If Outlook 2007 is constantly asking to enter your password, even though you've enabled Remember password, try the following:
The Synology website has a problem for some time now. When surfing to the main website (http://www.synology.com/), you get the following error:
This is not really good publicity if you ask me.
For those that require information on the website, can either google for it, or use the direct link: http://www.synology.com/enu/index.php.
One of the highlights would be a better compliance with industry standards (HTML5, CSS3, etc.). Does this mean that the horrid problem of browser incompatibility (especially between IE and all other browsers) will finally be resolved? I sure hope so...
It is not possible to convert disk files from thick to thin, in-place. Instead, cloning the disk (or machine) allows you to change the provisioning type and thus enabling to have a thin disk. After the clone is complete, delete the original and you're good to go.
You can either clone a complete machine, or just clone a disk using the CLI or service console:
vmkfstools -i <srcDisk.vmdk> -d thin <dstDisk.vmdk>
Be careful of installing Google Chrome on a Windows XP computer with an Intel 915i graphics card on board. I ran into an odd problem at a client, who had recently installed it. Occassionally, the system would bail out with a BSOD, and a vague error code. At first, I suspected a hardware problem, but letting WinDbg loose on the minidump file revealed the true culprit.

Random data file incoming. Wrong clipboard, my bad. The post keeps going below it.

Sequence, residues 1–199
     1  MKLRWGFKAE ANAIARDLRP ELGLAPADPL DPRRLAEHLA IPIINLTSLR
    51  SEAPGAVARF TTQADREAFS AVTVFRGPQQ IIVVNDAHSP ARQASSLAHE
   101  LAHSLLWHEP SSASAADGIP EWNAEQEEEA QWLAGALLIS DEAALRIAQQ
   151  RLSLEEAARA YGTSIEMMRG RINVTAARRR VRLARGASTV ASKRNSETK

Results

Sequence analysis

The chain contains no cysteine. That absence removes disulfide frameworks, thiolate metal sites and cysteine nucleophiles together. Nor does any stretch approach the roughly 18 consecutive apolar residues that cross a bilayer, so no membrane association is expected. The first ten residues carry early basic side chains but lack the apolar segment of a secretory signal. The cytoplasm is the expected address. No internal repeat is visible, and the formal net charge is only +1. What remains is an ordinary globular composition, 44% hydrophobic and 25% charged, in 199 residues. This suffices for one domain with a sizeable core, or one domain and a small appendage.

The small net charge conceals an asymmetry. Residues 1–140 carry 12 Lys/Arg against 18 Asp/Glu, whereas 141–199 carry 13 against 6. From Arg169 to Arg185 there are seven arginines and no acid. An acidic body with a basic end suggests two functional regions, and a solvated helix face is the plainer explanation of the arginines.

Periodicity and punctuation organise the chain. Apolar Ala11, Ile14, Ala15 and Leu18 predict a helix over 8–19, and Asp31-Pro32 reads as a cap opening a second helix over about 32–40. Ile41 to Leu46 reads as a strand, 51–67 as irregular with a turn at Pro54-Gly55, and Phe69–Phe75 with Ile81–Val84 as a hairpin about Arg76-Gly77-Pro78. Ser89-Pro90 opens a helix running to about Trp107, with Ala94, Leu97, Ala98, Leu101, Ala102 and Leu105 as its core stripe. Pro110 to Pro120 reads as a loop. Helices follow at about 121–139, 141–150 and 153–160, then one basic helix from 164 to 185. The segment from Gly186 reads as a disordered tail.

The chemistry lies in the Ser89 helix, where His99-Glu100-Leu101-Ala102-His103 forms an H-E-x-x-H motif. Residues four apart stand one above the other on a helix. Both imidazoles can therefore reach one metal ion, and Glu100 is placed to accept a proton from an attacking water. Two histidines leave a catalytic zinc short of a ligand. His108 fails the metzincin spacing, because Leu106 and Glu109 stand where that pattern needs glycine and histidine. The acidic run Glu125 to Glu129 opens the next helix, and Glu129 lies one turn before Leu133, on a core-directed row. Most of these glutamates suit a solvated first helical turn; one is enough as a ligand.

Apparently, there's a conflict between the graphics driver of the Intel 915 and Chrome, causing the BSOD. A detailed analysis in WinDbg revealed the causing program as chrome.exe. See the attached text file for a full log of the problem.
The client stopped using Chrome, and his odd BSODs went away.
Funny guys over at Belgacom. Their B-Box status page shows this as line status for a VDSL connection:
This package provides files to enable syntax highlighting in nano when editing shorewall configuration files, making it easier to maintain these kinds of files.
For a shell script to determine its own location, you can use this code snippet. It takes relative and absolute paths into account.
#!/bin/bash if [[ $0 == '/'* ]]; then MYLOCATION="`dirname $0`" else MYLOCATION="`pwd`"/"`dirname $0`" fi echo "My location is: $MYLOCATION"
If for some reason you lost your SSH server keys, sshd will fail to start with error:
Could not load host key: /etc/ssh/ssh_host_rsa_key Could not load host key: /etc/ssh/ssh_host_dsa_key
You can recreate your host keys with these commands:
ssh-keygen -t dsa -f /etc/ssh/ssh_host_dsa_key ssh-keygen -t rsa -f /etc/ssh/ssh_host_rsa_key
After recreating the keys, you will probably have to let your clients know as with the change of keys, they'll probably get warnings about it (Linux SSH will not even connect until you kick out the old keys).